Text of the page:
The news that the Centers for Disease Control and Prevention is investigating a link between coronavirus vaccines and heart inflammation threatens the pace of vaccinations.
Yet, any slowdown will probably be nowhere as severe as the one associated with the pause that the CDC imposed on the Johnson & Johnson vaccine on April 13 after data linked it to blood clots. The CDC lifted the pause 10 days later.
The panel that advises the CDC on vaccines, the Advisory Committee on Immunization Practices, announced that it would hold an emergency meeting on Friday to examine cases of myocarditis and pericarditis that may be linked to both the Pfizer-BioNTech and Moderna vaccines. Thus far, the CDC has identified 226 cases among those aged 12-24. Although it’s a small number compared to the more than 130 million people who have been fully inoculated with those vaccines, it is higher than what the CDC expected. Generally, in the absence of vaccinations, there would be fewer than 100 cases of heart inflammation among that population.
Dr. Minoj Jain said the news would slow down the rate of vaccination because it would give people another reason to avoid getting the vaccine.
“I think people are often looking for an excuse to not get vaccinated. This will add to that,” said Jain, an infectious disease physician at the Rollins School of Public Health. “My concern is that people don’t weigh their risks appropriately.”
Pam Chatman, the founder of Boss Lady Workforce Transportation, a shuttle service that provides residents in the Mississippi Delta with transportation to their places of employment, worried that the effect would be much the same as the pause in the Johnson & Johnson vaccine.
"This will add more hesitancy," Chatman said.
In February, she launched the Vaccine Transportation Initiatives, which partners her shuttles with healthcare providers to provide the vaccine to people who live in remote areas. She said she has seen firsthand what happened after the Johnson & Johnson pause.
“We haven’t seen a large influx of people seeking the vaccines since [the J&J] announcement,” she said.
On April 11, two days after the Johnson & Johnson vaccines were paused, the number of people receiving a vaccine peaked at just under 3.4 million, according to the CDC. Since then, the rate of vaccination has been in an almost uninterrupted rate of decline, falling to a daily rate of under 1 million.
Whether that decline was due to the Johnson & Johnson pause or other factors remains unclear. It is possible that those most eager to get a vaccine peaked at roughly the same time.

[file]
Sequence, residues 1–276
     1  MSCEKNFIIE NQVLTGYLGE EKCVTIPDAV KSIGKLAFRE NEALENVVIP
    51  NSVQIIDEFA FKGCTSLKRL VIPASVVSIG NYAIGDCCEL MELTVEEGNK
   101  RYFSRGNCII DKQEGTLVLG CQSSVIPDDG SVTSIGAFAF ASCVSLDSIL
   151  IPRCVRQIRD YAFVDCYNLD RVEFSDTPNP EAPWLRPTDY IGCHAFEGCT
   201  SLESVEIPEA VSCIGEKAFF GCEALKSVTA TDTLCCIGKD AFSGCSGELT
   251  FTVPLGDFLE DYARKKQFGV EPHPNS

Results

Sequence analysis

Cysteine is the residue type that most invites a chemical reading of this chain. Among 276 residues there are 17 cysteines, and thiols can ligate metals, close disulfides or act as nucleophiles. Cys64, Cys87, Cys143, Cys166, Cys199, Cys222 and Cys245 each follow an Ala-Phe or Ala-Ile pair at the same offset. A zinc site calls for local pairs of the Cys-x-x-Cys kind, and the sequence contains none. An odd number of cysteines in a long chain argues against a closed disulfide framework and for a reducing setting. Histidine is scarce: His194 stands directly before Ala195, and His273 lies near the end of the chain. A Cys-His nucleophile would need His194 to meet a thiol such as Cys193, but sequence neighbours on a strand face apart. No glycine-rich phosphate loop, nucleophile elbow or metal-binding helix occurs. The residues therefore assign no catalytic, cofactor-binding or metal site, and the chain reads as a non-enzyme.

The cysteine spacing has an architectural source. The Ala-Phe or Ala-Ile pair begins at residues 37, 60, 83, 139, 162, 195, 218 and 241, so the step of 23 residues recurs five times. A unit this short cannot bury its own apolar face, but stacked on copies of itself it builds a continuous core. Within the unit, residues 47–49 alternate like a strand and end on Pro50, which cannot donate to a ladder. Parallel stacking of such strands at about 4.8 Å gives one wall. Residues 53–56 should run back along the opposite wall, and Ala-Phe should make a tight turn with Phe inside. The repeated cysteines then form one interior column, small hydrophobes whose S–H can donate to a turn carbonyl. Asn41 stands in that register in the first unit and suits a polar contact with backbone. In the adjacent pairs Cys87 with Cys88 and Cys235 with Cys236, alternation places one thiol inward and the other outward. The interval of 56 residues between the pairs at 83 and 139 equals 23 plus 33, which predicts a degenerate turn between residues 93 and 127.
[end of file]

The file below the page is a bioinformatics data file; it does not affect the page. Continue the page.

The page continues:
The CDC has not recommended that the Pfizer and Moderna vaccine be put on hold this time, thus far. But it is possible that the ACIP will recommend a pause for people under age 30.
Some officials are calling for a loosening of vaccine requirements for young adults. Rep. Andy Harris of Maryland, who is also a physician, called on Gov. Larry Hogan to end a vaccine mandate for students attending colleges and universities in the state.
The risk of severe COVID-19 or death from the disease is small for those between the ages of 10 and 29, with that age group accounting for under 7% of hospitalizations from COVID-19 and less than 1% of deaths.
But Jain said that a pause might not be a good idea since there are risks for young people infected with the virus.
"Having heart inflammation from vaccination is significantly lower than having the infection and then having heart inflammation," Jain said.
A study from July 2020 of 100 patients of all ages recovering from COVID-19 found that 60% had some form of myocarditis. A study of 26 college athletes recovering from COVID-19 found that four had signs of heart inflammation.
Additionally, forgoing a pause might make a resulting slowdown in vaccinations less severe.
“Without a pause, it might make it seem less urgent in people’s minds,” said Dr. George Rutherford, a professor of epidemiology and biostatistics and the director of the Prevention and Public Health Group at the University of California, San Francisco.
Still, Rutherford worried that the possible link between the vaccine and heart inflammation would further reduce the rate of vaccination.
The risk of getting heart inflammation from the Pfizer and Moderna vaccines is less than 0.0002%.
The risk of getting a blood clot from the Johnson & Johnson vaccine was similarly small, but that didn’t stop public confidence in the vaccine from plummeting.
A YouGov poll that surveyed people before and after the CDC paused the Johnson & Johnson vaccine found that those saying it was safe plunged from 52% to 37%, while those saying it was somewhat or very unsafe rose from 26% to 39%.
Washington Examiner Videos
Original Author: David Hogberg
Original Location: Heart inflammation cases threaten coronavirus vaccination pace